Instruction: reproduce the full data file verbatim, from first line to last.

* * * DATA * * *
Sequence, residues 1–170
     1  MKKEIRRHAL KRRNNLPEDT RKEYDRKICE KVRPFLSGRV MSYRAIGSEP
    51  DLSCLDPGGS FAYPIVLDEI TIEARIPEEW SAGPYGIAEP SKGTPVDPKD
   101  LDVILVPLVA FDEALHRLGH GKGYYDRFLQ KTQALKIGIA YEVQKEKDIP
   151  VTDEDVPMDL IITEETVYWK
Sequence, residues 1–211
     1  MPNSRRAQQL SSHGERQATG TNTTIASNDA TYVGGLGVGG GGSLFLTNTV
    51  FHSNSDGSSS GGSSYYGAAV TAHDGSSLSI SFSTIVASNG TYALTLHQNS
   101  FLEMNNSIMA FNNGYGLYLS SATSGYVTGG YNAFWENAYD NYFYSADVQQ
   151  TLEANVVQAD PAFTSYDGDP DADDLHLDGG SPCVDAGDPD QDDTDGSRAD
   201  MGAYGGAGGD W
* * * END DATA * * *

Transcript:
Sequence, residues 1–170
     1  MKKEIRRHAL KRRNNLPEDT RKEYDRKICE KVRPFLSGRV MSYRAIGSEP
    51  DLSCLDPGGS FAYPIVLDEI TIEARIPEEW SAGPYGIAEP SKGTPVDPKD
   101  LDVILVPLVA FDEALHRLGH GKGYYDRFLQ KTQALKIGIA YEVQKEKDIP
   151  VTDEDVPMDL IITEETVYWK
Sequence, residues 1–211
     1  MPNSRRAQQL SSHGERQATG TNTTIASNDA TYVGGLGVGG GGSLFLTNTV
    51  FHSNSDGSSS GGSSYYGAAV TAHDGSSLSI SFSTIVASNG TYALTLHQNS
   101  FLEMNNSIMA FNNGYGLYLS SATSGYVTGG YNAFWENAYD NYFYSADVQQ
   151  TLEANVVQAD PAFTSYDGDP DADDLHLDGG SPCVDAGDPD QDDTDGSRAD
   201  MGAYGGAGGD W